Yet more grim evidence emerged this week that Mexico's warring cartels are becoming a real military force and underground parallel state in the country's lawless northeast. Small Wars Journal on Feb.
Bibi Netanyahu's polarizing speech before Congress today was basically a repeat of his 2012 performance at the UN, but with the level of doublethink considerably jacked up. It is pretty damn terrifying that his relentless barrage of lies and distortions won virtually incessant applause throughout—although it is a glimmer of hope that some dozen Democrats declined to attend. But most of the outrage has been over Bibi's perceived meddling in the US political process (thanks for playing right into the anti-Semitic stereotype, Bibi, very helpful)—not the outrageous dishonesty of his speech. Here's a few choice chuckles from the transcript...
A federal judge in Argentina on Feb. 26 dismissed charges against President Cristina Fernández de Kirchner and her foreign minister, Héctor Timerman, who had been accused of covering up Iranian involvement in the deadly 1994 bombing of the Argentine Jewish Mutual Association (AMIA). Judge Daniel Rafecas concluded that there was "no legal basis" to pursue the charges, which had been prepared by special prosecutor Alberto Nisman, just before he was found dead in his apartment last month. Rafecas also dismissed related charges against lawmaker Eduardo "Wado" de Pedro and two leftist leaders close the the government, Luis D'Elía and Fernando Estreche. (BBC News, InfoBAE, Feb. 26)
Two young men living in Brooklyn were arrested Feb. 25 and charged with plotting to travel to Syria to fight under the banner of ISIS. A third Brooklyn man was charged with helping organize and fund their activities. All three are immigrants from Uzbekistan and Kazakhstan, and were living in the Midwood neighborhood. One of the men who reportedly sought to fight for ISIS, Abdurasul Hasanovich Juraboev, 24, worked in a gyro shop. The other, Akhror Saidakhmetov, 19, worked at cellphone repair kiosks owned by the third man charged, Abror Habibov, 30. (NYT, DNAInfo, Feb. 25)
Hundreds of Palestinians were evacuated from their homes Feb. 22 amid flooding in the Gaza Valley, or Wadi Gaza, with water rising up to three meters. Evacuated families were sent to shelters set up by UNRWA. The flooding comes in the wake of a severe winter storm, which displaced dozens and caused hardship for many more—including the some 110,000 left homeless by Israel's assault over summer. But the Hamas administration in Gaza charged that Israeli authorities unleashed the flooding by releasing storm water backed up behind dams into the coastal enclave. The Wadi Gaza is a wetland located in the central Gaza Strip between al-Nuseirat refugee camp and al-Moghraqa. It is called HaBesor in Hebrew, and it if fed by two streams—one that flows from near Beersheba, the other from near Hebron.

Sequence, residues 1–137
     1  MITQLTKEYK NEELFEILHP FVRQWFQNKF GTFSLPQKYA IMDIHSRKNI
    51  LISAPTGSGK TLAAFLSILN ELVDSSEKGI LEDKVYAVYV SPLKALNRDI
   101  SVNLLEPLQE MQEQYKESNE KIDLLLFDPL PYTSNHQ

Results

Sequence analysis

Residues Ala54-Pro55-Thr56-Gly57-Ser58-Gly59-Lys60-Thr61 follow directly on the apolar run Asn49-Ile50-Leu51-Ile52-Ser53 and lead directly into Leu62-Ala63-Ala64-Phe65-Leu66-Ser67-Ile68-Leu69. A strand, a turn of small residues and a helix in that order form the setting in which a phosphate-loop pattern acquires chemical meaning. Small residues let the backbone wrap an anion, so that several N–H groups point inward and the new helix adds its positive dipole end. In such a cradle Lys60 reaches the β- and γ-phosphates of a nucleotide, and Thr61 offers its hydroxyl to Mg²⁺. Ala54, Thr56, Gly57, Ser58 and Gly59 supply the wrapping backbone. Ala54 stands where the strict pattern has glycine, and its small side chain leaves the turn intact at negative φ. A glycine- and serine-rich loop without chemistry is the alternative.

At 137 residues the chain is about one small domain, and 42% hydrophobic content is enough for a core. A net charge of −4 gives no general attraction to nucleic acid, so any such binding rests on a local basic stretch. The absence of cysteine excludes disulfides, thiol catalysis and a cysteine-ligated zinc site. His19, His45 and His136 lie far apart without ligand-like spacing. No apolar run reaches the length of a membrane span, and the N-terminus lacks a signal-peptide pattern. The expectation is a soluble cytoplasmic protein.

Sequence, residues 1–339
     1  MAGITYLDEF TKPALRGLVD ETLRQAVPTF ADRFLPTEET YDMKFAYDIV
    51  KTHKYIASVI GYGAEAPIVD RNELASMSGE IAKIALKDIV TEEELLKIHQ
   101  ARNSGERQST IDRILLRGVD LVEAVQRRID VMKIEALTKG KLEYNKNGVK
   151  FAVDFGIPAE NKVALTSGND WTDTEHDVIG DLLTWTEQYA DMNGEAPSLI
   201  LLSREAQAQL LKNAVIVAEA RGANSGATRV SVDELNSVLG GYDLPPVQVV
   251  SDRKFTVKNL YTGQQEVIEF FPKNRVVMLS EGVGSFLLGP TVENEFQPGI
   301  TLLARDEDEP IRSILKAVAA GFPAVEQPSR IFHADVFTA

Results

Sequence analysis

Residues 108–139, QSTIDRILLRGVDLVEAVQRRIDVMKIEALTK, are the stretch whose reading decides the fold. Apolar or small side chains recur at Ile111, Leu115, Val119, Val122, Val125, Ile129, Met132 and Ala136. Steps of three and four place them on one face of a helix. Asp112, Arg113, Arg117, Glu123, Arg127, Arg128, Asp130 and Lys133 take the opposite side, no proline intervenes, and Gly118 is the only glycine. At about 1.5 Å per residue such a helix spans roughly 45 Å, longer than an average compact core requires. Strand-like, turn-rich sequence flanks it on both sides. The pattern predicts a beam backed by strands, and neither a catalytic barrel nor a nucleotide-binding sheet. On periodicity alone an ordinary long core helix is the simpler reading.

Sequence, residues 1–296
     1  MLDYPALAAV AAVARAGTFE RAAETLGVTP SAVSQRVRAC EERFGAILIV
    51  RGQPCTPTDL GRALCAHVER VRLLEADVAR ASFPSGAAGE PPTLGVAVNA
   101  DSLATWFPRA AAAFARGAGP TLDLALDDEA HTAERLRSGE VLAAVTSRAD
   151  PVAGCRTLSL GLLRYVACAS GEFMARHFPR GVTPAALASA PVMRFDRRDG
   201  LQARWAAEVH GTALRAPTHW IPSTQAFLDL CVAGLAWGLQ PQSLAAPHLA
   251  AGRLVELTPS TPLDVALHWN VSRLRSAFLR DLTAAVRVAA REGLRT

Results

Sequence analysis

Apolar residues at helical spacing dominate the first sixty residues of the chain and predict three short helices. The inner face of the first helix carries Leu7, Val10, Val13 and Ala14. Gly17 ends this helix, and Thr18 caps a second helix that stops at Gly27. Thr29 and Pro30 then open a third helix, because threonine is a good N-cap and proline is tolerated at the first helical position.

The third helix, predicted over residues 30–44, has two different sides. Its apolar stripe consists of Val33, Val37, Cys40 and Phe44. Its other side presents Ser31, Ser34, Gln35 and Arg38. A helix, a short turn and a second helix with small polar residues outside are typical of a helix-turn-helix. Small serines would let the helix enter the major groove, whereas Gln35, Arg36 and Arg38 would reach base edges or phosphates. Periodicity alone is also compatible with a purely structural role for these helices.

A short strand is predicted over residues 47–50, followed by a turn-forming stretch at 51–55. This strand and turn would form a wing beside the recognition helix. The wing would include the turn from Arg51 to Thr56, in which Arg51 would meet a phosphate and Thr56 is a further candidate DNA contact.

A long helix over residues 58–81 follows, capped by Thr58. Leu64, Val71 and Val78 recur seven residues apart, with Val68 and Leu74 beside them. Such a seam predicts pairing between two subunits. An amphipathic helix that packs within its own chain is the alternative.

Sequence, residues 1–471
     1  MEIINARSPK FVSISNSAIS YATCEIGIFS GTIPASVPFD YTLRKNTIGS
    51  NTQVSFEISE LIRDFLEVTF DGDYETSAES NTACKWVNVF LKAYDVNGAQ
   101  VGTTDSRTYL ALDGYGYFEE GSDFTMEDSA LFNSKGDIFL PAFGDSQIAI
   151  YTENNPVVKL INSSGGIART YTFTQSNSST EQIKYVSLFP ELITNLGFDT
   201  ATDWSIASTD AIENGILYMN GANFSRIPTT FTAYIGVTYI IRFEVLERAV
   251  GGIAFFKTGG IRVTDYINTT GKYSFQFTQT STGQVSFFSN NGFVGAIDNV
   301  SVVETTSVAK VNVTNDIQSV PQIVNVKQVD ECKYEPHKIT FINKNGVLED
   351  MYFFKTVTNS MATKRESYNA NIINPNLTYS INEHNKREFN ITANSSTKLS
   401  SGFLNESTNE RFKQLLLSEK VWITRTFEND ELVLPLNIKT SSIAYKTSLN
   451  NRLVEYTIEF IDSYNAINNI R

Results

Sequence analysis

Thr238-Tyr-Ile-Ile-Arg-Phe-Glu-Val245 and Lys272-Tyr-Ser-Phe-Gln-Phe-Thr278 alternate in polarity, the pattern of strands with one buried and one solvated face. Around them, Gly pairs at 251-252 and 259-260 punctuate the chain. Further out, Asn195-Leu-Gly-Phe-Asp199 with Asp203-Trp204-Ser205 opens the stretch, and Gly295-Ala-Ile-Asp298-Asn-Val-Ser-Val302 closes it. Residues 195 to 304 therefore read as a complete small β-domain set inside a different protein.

Hundreds of Turkish troops in armored vehicles crossed into northern Syria Feb. 22—apparently to evacuate forces guarding an historic tomb, demolishing it, and moving the remains to a different site. The remains of Suleyman Shah were moved to a location in Syria closer to the border, and a Turkish flag raised at the new burial site near Esmesi (Aleppo governorate). Turkey considers the site sovereign territory, so it is unclear if it has now abandoned claims to the previous site and transfered them to the new one. The Damascus regime (which has long since lost control over the north) condemned the incursion as "flagrant aggression," saying Turkey had informed its Istanbul consulate of the operation but not waited for Syria's consent. Turkish President Recep Tayyip Erdogan said his armed forces had carried out a "successful operation which is beyond all kinds of appreciation." Ominously, the column of Turkish armor swept through the border city of Kobani on its way to the site—an unsubtle message to the autonomist Kurdish fighters there. (BBC News)
Daniel Neep of Georgetown University in Discover Society last month provided a refreshingly skeptical overview of the various plans for redrawing the boundaries of the Middle East, in a piece entitled "The Middle East, Hallucination, and the Cartographic Imagination." We call it the balkanization agenda of the most hubristic neo-conservatives, although Neep doesn't use those terms ("DC policymakers," he says). He discusses how these ideas have been broached by imperial officialdom, e.g. in Lt. Col. Ralph Peters' writings in the Armed Forces Journal, and Wilson Center wonk Robin Wright in the New York Times. Neep's piece is most interesting for its comparative maps of all the schemes that have been floated. They all pretty much amount to the same thing: Iraq and Syria divided into Sunni and Shi'ite zones, an independent Kurdistan, Hijaz breaking off from Saudi Arabia, and so on. The irony is that all these theorists blabber on about how the 1916 Sykes-Picot Agreement created "articial states," while the drawing of new maps by Beltway wonks merely replicates the hubris of Sykes-Picot!
Last month's US-India nuclear deal obviously signaled a rise in Sino-Indian tensions, seen by Beijing (accurately) as part of an encirclement strategy. The deal called for inclusion of India in the Nuclear Suppliers Group (NSG), which drew immediate criticism from China. The NSG is comprised of 46 nuclear supplier states, including China, Russia and the US, that have agreed to coordinate export controls on civilian nuclear material to non-nuclear-weapon states. The group has up to now been made up of signatories to the Non-Proliferation Treaty (NPT)—which, as China was quck to note, does not include India (or Pakistan, or the "secret" nuclear nation Israel). More to the point, India is not a "non-nuclear-weapon state." (The Diplomat, Feb. 14; Arms Control Association)